USCIS implemented a revised version of the Citizenship Test on December 1, 2020. When Joe Biden became president of the United States, he brought back his old version. And now, as of April 19, 2021, USCIS only offers the 2008 version, regardless of the filing date.
10 important steps in the US naturalization process
First of all, before applying, make sure you meet all the requirements and check if you are eligible for any exceptions.
Step 1. Determine if you are already a US citizen
If you are not a US citizen by birth or did not automatically receive US citizenship from your parents upon birth, proceed to the next step.
Step 2. Determine if you are eligible to become a US citizen
USCIS has a special naturalization eligibility table to help you decide if you are eligible to apply for naturalization.
Step 3. Prepare Form N-400, Application for Naturalization
This form is available for online submission. First, start by creating a free account.
Next, read the instructions for completing Form N-400. Collect the necessary documents to prove your eligibility for naturalization. If you live outside the US, please take 2 photos. Also, check the document checklist – make sure you have collected all the required documents. Avoid these basic mistakes when applying for citizenship.
Step 4. Submit Form N-400 and pay the fees
This form is available for online submission. Moreover, the fees can also be paid online.
When you submit Form N-400, USCIS will notify you of receipt. You can check the processing time and status of your case online.
Step 5. Come to the biometrics test
If you need to submit your biometrics, USCIS will send you an appointment notification that will include the date, time, and location where the biometrics were received. You should arrive at the indicated place at the appointed time.
Step 6. Go through the interview
After all the preliminary processes for your case have been completed, USCIS will schedule an interview for you to complete the naturalization process. You must report to the USCIS office on the date and time specified in the meeting notice. Please bring a meeting notice with you.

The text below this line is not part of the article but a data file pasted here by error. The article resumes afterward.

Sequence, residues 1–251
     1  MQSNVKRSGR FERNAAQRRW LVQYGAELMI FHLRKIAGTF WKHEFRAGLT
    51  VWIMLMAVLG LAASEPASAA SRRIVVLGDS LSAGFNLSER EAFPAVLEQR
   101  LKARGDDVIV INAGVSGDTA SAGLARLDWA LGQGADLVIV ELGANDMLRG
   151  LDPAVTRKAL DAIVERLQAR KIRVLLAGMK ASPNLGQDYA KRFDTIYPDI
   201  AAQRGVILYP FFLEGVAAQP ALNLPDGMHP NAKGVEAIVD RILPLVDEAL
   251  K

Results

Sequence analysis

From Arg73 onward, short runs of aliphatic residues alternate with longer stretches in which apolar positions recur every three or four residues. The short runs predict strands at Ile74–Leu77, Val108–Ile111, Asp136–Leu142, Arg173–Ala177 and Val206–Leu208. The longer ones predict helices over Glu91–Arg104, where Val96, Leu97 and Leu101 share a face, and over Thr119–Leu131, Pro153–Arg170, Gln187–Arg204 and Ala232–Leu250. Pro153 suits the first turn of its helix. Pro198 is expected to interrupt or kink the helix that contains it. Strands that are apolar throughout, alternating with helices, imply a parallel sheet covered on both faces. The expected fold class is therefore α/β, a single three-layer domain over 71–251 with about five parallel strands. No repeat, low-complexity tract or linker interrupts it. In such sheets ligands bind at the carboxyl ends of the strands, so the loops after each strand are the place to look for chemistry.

Step 7. Get a decision from USCIS
USCIS will send you a Notice of Decision. If you have applied for the N-400 online, you can access the email notification in your account.
- Allowed – Evidence in your documentation confirms that you are eligible for naturalization.
- Continued – USCIS may continue to review your application if you need to provide additional evidence/documentation (in case you did not provide the correct documents to USCIS, did not take the English language or citizenship test the first time).
- Denied – The evidence on your record confirms that you are not eligible for naturalization.
Step 8. Receive notification of your oath-taking
If USCIS approved your application in step 7, you can participate in the naturalization ceremony on the same day as your interview. However, if the same day naturalization ceremony is not available, USCIS will send you a notification with the date, time, and location of the scheduled ceremony. If you have submitted Form N-400 online, you can access the email notification on your application.
Step 9. Take the oath of allegiance to the United States
It is worth noting that you are not a US citizen until you take the Oath of Allegiance during your naturalization ceremony.
- Complete the form N-445, Notice of Oath at Naturalization.
- Come to your naturalization ceremony and register with USCIS. A USCIS officer will review your N-445 responses.
- Hand over your permanent resident card (green card).
- Take the oath of allegiance to become a US citizen.
- Receive your Certificate of Naturalization, review it, and notify USCIS of any errors you find on your certificate before leaving the ceremony.
Step 10. Understanding US Citizenship
Citizenship is a common thread that binds all Americans. Check out this list of some of the most important rights and responsibilities that all citizens (whether American by birth or by choice) must exercise and respect.
Also, do not forget that there is a denaturalization process. Under what circumstances you can be deprived of US citizenship, see the link.